Okay, you’ve been running a 5 watt tube amp.   You like the sound, and now you want something bigger. You’ve tried running a line out from the amp to the PA mixer, and it works fine, but you just want control, man, you just want to control your own volume right from the stage, with a rig big enough for everyone in the house to hear. (We’ll consider whether that’s the best thing to do some other time; it’s what you want.)

There’s lots of good choices for amps these days, and lots of potential solutions to the situation described above. All the solutions involve putting a bigger, more powerful amp on the stage; given that assumption, there’s a couple of basic approaches:

1) Run the small amp into a keyboard amp. If you like the sound of your 5-watter, and you also want the option of a very clean, clear sound, consider picking up a keyboard amp or small PA, putting it on the stage next to you, and running a line out from the small amp to the keyboard amp or PA. For this to work, your 5 watt amp needs a line out jack.  Some have it, some don’t–take a look at the back of your amp if you don’t know.

The keyboard amp I use is a Peavey KB-100A, which has 65 watts of power. Keyboard amps are like small, self-contained PAs; they typically contain an amp with a small mixer, some kind of EQ, and a speaker setup that includes both a high-frequency horn and a woofer. I like the Peavey keyboard amps because:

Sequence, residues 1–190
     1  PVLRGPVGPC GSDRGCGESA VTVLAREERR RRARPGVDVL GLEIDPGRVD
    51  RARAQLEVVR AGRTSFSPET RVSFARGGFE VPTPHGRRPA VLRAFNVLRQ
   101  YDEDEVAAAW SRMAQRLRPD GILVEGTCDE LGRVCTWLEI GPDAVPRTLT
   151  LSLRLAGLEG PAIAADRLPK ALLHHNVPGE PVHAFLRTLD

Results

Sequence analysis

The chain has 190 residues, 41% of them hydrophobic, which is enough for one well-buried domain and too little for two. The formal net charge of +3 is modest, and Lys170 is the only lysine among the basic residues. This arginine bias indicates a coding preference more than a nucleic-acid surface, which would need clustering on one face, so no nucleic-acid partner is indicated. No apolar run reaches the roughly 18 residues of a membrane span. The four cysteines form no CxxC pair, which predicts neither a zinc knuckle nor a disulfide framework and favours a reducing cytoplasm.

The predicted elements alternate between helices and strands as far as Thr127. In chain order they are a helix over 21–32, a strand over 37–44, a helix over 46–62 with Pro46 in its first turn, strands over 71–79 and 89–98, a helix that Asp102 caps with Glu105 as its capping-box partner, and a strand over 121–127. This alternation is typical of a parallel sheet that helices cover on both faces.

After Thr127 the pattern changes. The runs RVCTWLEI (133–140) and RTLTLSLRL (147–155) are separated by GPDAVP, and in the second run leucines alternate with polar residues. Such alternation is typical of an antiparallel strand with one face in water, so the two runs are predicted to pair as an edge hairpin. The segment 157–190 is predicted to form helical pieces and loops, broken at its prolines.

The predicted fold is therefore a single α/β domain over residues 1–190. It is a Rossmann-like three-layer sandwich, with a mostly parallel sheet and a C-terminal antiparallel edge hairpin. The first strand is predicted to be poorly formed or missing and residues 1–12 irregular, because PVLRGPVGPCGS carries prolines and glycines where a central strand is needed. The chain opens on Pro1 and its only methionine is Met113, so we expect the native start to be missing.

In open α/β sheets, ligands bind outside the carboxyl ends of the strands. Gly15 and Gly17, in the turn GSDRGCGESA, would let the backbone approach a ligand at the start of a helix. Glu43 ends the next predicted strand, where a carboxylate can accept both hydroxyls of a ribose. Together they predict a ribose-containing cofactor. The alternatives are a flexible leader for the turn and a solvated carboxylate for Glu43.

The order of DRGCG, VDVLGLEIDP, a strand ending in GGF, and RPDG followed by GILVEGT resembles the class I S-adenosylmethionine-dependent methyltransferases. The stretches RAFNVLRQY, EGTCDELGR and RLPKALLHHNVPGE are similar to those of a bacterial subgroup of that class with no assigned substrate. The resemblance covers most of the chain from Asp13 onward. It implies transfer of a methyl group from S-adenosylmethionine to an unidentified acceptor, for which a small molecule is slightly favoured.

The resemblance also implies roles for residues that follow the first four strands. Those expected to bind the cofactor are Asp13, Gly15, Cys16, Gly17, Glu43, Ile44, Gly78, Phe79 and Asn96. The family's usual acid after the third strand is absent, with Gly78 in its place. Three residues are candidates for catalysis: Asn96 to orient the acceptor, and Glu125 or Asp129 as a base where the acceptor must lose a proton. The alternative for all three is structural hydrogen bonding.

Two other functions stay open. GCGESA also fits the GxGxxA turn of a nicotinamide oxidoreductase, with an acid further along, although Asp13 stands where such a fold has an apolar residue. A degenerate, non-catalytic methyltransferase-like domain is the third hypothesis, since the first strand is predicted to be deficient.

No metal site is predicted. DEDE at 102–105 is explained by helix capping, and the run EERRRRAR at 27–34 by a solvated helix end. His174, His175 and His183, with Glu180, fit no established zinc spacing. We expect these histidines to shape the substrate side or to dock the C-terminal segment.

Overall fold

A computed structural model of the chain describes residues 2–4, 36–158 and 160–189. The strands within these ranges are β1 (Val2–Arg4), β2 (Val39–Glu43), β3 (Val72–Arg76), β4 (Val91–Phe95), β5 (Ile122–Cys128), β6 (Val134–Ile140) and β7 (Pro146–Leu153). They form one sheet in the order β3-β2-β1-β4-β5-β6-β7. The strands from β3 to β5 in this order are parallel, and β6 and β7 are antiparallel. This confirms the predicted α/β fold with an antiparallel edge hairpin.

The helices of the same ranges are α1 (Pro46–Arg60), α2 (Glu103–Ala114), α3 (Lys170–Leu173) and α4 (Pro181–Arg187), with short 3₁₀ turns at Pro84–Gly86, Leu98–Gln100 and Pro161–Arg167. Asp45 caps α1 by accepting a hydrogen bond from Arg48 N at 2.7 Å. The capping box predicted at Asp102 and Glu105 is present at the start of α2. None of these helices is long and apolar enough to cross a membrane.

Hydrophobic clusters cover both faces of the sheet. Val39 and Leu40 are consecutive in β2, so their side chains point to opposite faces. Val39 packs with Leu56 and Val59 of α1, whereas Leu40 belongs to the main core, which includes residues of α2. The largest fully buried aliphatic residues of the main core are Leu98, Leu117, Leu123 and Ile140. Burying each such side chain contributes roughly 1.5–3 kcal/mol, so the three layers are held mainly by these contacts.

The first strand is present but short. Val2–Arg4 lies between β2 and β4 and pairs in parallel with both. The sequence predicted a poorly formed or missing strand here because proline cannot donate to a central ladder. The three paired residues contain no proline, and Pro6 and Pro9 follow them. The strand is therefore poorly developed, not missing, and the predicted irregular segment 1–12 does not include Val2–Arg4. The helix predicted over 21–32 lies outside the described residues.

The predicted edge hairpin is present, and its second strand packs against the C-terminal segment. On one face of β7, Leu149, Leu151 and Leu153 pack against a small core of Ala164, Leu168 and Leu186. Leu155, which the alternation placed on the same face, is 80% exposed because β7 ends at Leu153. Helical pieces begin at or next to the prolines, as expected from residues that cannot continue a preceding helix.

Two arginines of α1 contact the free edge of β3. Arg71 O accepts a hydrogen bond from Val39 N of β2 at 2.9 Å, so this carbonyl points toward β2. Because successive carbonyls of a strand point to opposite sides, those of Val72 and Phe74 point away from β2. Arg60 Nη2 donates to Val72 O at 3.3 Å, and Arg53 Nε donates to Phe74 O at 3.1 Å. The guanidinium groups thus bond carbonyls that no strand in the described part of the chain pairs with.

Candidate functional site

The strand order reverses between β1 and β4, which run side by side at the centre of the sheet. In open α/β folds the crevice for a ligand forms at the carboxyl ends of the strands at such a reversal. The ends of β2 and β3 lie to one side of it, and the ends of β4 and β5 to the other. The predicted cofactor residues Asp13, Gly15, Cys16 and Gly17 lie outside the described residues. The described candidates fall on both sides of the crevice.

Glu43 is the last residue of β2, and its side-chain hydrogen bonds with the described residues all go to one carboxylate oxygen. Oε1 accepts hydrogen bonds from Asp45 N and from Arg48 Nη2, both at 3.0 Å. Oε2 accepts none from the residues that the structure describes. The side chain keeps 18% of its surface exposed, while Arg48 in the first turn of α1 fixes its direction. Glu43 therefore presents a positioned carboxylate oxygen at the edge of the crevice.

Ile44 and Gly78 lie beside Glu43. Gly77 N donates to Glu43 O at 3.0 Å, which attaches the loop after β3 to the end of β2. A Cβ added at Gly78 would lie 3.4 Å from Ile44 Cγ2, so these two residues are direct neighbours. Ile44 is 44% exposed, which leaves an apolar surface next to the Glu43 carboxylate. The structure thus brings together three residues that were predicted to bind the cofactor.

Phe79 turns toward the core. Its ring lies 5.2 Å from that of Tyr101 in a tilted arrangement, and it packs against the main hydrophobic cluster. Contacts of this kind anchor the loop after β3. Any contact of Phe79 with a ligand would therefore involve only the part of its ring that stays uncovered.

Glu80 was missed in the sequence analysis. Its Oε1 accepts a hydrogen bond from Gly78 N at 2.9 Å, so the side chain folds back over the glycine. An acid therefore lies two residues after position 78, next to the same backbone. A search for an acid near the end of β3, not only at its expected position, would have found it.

1) They contain mic preamps that sound very clean and present, very nice for an acoustic sound; they’re the same mic preamps Peavey uses in their PA heads and mixers,
2) They have 4-band EQ, which really makes it easy to dial in the right amount of bottom and midrange for the harp,
3) They are very durable,
4) They have multiple channels, so you can set them up for multiple mic (or amp) inputs with different sounds,
5) They’re loud, and they reproduce whatever you pump into them very well, and
6) They’re very reasonably priced. In general, you have to spend two or three times as much to get something that sounds noticeably better. Their relatively low price coupled with their high durability makes them a good choice for working musicians.

I like the Peavey, and it’s worked well for me, but it’s far from the only good choice available.  Other makes worth looking at include Behringer (low prices, decent quality) and Roland (higher prices, pro gear).

2) The second approach is to buy a bigger, louder tube amp, and use it on stage instead of the 5 watter. Note that you will probably have to swap out one or more 12AX7 preamp tubes on the bigger amp, just as you did on the 5 watter, for a great blues harp sound.